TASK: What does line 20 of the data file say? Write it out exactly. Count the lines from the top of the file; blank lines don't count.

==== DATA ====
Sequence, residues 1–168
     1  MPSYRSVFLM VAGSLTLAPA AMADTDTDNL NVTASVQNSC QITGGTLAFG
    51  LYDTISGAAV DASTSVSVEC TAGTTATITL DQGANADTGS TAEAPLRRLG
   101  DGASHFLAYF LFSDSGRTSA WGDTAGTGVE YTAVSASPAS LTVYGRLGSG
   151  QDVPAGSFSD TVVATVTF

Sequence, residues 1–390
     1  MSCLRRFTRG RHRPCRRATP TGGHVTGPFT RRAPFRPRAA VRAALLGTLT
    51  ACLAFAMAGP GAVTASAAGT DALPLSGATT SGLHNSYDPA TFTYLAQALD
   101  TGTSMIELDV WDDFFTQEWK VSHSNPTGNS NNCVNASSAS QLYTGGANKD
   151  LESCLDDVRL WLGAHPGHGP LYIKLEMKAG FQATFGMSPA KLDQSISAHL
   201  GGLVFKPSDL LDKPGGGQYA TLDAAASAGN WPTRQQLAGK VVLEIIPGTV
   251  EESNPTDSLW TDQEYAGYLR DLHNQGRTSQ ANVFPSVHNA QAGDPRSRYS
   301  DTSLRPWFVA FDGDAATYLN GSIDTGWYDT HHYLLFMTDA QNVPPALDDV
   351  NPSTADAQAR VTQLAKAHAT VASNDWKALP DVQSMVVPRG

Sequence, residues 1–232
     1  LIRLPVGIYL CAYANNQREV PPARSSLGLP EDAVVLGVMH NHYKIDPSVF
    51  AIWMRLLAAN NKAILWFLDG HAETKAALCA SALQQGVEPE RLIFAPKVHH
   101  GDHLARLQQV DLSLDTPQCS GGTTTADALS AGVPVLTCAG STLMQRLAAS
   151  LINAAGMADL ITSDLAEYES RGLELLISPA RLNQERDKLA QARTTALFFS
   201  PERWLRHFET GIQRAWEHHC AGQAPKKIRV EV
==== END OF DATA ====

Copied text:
   201  PERWLRHFET GIQRAWEHHC AGQAPKKIRV EV